Attendance, growth over five years, professions of faith per members, and annual giving are just a few measurements of a vital congregation according to a study recently conducted by the United Methodist Church. However, the study did not look at these measurements to evaluate the strength of their denomination, but rather to evaluate their effectiveness in helping new believers take their next steps into becoming mature Christ-followers.
The study reported that about 15% of United Methodist churches are in the “high-vital” category. But, a closer look at the results reveals the elements vital congregations share.
- Pastors of VC churches actively take part in mentoring, coaching, and developing volunteer leadership.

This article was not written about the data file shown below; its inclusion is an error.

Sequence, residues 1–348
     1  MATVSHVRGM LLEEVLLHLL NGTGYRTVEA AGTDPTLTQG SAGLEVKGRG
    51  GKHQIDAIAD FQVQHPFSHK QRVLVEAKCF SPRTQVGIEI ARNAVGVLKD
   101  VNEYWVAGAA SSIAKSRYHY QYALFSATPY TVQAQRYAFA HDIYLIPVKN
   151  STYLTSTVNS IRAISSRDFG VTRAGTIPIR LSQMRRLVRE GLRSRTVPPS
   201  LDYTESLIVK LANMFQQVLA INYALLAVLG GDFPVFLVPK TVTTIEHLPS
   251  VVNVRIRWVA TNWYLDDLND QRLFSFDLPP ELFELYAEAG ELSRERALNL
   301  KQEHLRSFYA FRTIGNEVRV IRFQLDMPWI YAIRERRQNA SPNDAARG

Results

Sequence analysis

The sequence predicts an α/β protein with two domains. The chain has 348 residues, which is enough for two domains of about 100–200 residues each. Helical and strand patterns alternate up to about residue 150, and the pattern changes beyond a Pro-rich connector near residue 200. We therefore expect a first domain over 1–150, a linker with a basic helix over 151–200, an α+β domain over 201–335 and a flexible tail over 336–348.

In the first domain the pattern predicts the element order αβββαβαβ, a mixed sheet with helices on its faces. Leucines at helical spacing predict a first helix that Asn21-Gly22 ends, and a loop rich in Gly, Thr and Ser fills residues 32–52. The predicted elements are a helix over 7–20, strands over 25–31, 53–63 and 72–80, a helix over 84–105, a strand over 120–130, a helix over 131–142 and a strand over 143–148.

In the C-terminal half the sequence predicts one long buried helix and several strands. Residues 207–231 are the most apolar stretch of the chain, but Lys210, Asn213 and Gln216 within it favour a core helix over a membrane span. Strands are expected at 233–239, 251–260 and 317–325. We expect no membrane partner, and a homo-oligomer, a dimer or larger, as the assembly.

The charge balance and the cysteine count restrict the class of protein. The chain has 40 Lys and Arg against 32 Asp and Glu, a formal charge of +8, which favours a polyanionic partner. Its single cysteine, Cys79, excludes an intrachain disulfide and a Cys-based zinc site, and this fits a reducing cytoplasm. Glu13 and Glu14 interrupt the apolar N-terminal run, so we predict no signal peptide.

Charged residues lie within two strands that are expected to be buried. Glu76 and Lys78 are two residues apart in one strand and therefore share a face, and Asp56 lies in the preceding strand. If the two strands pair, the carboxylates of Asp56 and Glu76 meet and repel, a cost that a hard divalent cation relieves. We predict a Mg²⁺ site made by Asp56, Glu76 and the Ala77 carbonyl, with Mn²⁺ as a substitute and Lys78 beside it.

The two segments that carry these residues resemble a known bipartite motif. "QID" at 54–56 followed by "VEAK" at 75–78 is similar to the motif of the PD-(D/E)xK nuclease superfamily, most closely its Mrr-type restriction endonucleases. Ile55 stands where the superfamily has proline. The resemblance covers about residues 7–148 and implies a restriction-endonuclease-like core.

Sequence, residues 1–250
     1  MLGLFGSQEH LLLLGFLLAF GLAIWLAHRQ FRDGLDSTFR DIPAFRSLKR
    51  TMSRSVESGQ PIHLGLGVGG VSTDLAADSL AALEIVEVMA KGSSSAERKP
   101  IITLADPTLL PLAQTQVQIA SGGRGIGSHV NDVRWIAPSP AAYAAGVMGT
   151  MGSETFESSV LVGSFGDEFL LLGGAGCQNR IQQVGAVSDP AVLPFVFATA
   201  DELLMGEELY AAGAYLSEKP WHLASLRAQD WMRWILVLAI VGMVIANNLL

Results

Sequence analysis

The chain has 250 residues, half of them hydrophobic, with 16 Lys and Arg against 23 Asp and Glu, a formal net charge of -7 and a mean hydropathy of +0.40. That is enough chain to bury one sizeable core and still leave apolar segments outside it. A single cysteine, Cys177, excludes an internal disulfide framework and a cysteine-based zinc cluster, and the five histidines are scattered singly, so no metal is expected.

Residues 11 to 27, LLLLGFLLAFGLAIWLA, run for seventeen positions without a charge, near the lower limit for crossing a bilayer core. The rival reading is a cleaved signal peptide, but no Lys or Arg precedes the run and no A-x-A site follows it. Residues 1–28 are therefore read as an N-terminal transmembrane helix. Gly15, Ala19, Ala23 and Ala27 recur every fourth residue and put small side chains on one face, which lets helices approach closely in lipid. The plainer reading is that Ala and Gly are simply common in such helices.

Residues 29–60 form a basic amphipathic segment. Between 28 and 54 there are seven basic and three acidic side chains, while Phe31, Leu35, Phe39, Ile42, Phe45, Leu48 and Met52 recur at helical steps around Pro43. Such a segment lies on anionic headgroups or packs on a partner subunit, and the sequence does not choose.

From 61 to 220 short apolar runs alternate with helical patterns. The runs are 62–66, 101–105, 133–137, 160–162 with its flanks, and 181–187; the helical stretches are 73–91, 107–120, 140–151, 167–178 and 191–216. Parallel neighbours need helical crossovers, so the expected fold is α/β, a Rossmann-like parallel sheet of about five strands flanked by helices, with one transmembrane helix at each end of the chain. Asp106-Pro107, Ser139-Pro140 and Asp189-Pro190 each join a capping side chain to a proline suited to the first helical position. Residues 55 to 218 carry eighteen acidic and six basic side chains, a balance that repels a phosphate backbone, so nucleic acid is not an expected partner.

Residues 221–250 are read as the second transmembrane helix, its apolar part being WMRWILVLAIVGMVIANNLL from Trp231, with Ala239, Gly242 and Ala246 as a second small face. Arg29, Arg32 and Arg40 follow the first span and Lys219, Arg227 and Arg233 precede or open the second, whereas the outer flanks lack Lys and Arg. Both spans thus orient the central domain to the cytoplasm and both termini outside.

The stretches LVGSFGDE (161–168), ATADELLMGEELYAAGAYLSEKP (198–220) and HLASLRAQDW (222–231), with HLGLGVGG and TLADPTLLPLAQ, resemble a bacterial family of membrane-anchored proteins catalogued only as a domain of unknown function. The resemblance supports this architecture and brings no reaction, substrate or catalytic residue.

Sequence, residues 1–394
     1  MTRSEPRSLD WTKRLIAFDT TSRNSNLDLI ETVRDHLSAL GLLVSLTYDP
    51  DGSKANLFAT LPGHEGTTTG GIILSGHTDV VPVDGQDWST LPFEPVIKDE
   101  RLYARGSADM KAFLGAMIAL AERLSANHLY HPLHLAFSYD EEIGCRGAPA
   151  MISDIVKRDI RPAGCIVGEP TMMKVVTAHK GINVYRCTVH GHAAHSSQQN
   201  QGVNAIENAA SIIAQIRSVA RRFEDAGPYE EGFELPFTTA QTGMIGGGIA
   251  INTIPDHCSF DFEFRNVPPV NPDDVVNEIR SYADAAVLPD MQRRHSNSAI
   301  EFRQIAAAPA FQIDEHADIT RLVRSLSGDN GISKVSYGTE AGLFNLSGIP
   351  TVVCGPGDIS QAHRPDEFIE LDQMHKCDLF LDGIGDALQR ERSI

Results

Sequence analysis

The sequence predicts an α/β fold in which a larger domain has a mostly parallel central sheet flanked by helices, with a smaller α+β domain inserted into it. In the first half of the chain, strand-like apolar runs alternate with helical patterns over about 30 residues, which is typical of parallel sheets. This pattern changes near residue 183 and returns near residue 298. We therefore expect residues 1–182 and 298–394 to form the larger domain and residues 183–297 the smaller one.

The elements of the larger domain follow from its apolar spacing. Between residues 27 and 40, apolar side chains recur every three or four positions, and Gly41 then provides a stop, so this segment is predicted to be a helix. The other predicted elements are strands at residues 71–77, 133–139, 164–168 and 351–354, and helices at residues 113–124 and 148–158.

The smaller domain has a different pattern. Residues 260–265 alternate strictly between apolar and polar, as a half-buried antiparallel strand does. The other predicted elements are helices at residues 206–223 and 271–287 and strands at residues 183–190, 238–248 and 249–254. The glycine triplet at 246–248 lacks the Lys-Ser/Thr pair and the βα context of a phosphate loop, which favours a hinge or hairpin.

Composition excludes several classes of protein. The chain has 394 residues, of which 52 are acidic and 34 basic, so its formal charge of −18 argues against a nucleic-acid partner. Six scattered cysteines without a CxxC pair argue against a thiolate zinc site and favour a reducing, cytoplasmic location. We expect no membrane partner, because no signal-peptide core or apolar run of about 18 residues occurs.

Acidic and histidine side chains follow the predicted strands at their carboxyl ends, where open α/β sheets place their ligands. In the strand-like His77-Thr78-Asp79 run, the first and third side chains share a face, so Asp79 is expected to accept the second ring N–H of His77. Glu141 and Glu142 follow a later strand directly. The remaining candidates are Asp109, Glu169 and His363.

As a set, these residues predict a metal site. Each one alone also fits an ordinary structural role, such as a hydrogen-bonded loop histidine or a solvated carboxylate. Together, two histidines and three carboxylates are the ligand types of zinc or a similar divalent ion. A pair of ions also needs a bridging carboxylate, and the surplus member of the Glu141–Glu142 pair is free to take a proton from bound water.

- Churches with traditional and contemporary worship styles led in effectiveness. Many also had topical preaching and multi-media elements as part of the Sunday morning experience.
- The most vital churches had 25-50% of the congregation in leadership roles during the past five years.
- Volunteer leaders did not continue to serve in the same position, but rotated to share their gifts and talents in different areas of the church over time.
- Small groups are effective in many styles including men’s/women’s groups, missions, shared interests, and youth and children’s groups.
What’s challenging about surveys like this, though, is that it’s looking at the activities of the church but not necessarily at the foundational components of a healthy church including clear vision, focused structure, leadership capacity of the senior pastor, etc. Without a good foundation, you can try to implement the right programs or activities and still end up with poor results and an unhealthy church.
What do you think about the survey results? Anything surprise you? Any UMC folks want to chime in?